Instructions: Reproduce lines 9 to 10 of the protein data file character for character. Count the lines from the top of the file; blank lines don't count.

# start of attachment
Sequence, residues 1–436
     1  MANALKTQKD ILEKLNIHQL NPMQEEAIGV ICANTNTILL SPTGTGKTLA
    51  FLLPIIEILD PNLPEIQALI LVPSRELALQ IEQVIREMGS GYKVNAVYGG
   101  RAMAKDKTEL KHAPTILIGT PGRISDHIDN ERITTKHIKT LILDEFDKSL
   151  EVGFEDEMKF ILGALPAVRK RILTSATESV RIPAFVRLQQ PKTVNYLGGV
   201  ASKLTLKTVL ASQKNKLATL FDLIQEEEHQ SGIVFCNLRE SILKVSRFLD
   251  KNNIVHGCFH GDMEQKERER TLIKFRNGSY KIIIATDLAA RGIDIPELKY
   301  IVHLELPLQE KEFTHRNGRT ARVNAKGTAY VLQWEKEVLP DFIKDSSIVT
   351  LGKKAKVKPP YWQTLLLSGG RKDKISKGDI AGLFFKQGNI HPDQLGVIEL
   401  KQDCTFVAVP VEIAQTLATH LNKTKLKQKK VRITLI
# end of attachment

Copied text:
   351  LGKKAKVKPP YWQTLLLSGG RKDKISKGDI AGLFFKQGNI HPDQLGVIEL
   401  KQDCTFVAVP VEIAQTLATH LNKTKLKQKK VRITLI